Thursday, August 10, 2017

Murr v. Wisconsin: SCOTUS Further Complicates Property Rights Issues


The Fifth Amendment to the US Constitution reads in part:
“No person shall . . . be deprived of life, liberty, or property, without due process of law; nor shall private property be taken for public use, without just compensation.”
The Fourth Amendment states in part:
“The right of the people to be secure in their persons, houses, papers, and effects, against unreasonable searches and seizures, shall not be violated.”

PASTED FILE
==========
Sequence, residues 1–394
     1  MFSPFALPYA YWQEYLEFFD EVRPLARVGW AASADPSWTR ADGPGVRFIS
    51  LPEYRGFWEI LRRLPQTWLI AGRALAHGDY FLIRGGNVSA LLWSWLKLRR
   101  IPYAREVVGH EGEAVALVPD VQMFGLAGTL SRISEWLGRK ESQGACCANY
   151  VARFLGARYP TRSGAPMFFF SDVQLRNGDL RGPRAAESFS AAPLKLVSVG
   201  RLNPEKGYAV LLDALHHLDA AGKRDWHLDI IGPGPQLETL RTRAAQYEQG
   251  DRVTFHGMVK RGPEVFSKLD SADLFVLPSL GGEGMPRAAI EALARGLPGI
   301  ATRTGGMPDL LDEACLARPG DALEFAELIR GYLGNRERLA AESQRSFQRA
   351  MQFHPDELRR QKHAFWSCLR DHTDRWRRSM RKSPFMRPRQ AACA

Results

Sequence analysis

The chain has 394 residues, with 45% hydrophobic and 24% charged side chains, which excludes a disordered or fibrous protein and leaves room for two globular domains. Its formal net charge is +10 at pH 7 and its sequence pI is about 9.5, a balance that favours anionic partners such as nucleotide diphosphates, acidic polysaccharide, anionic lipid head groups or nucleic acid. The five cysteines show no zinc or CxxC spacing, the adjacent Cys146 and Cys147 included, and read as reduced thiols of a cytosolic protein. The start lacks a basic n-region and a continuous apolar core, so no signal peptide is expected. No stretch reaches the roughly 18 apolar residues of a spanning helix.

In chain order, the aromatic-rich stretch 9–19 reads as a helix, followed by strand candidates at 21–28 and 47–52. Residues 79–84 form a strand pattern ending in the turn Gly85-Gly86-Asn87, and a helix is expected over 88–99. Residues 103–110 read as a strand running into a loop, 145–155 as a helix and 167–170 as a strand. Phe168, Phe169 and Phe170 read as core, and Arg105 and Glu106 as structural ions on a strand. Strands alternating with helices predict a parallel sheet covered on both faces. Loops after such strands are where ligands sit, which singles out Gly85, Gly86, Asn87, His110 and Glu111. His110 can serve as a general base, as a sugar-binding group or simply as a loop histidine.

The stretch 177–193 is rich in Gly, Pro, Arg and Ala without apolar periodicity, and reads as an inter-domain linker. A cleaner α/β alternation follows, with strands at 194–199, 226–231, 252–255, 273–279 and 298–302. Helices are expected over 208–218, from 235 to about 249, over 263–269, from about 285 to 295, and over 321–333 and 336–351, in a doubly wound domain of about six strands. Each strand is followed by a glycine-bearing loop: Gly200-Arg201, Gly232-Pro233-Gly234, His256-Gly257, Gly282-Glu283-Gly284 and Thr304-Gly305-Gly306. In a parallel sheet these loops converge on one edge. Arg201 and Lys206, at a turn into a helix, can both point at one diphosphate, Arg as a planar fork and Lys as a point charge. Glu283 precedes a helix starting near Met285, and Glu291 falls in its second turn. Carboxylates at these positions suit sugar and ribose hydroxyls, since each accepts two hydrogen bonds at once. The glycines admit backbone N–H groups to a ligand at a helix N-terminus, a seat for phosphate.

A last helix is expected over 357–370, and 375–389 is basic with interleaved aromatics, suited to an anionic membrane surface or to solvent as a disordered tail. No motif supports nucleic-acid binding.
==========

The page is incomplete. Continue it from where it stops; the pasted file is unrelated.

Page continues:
To our founders, a person’s private property consisted of his home and land, his material possessions, the work of his hands, the creative ideas of his mind, and his life itself.  One source for the foundation of these beliefs can be found in the Ten Commandments, four of which deal directly with these Natural Law Rights.  Prohibitions against bearing false witness, coveting, theft, and murder all validate the concept of personal property and protect the rights of property owners.   

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